Many people will have come across the phrases “best endeavours” and “reasonable endeavours” in their business lives and will have their own views as to what each means. If you have never heard of the phrases before, “reasonable endeavours” essentially means taking one, but not necessarily all, reasonable courses of action. “Best endeavours” is a higher obligation, which means doing all you reasonably can, even potentially acting against your own commercial interests. But take great care before inserting or accepting terms such as these into contracts you may sign or letters you may send. It can have unintended consequences.

Often a contract can require you to do (or not to do) something. But if the contract actually requires you to achieve an outcome, then this unqualified obligation could meet an open-ended nightmare if you have agreed to use your “best endeavours” to meet it.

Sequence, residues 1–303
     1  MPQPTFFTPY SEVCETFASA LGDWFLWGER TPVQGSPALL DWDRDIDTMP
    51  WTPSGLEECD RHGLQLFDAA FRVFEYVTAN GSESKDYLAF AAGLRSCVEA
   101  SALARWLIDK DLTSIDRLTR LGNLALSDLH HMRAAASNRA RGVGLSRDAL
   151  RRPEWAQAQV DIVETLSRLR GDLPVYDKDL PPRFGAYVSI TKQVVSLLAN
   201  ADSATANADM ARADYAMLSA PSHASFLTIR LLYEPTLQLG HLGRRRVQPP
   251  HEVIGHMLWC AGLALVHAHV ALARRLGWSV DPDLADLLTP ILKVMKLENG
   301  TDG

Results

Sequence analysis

The Court of Appeal forced an airport operator to accept arrival and departure flights outside the airport's usual opening hours because they had agreed to use "best endeavours" to promote an airline's low-cost service, even though none of this was mentioned in the contract and the operator would incur losses by doing so. A heavy burden indeed.

 And we haven’t even mentioned “reasonable endeavours” or, worse still, “all reasonable but commercially prudent endeavours” – messy hybrids than even the Courts are struggling to interpret. Be careful that you understand what you are agreeing to.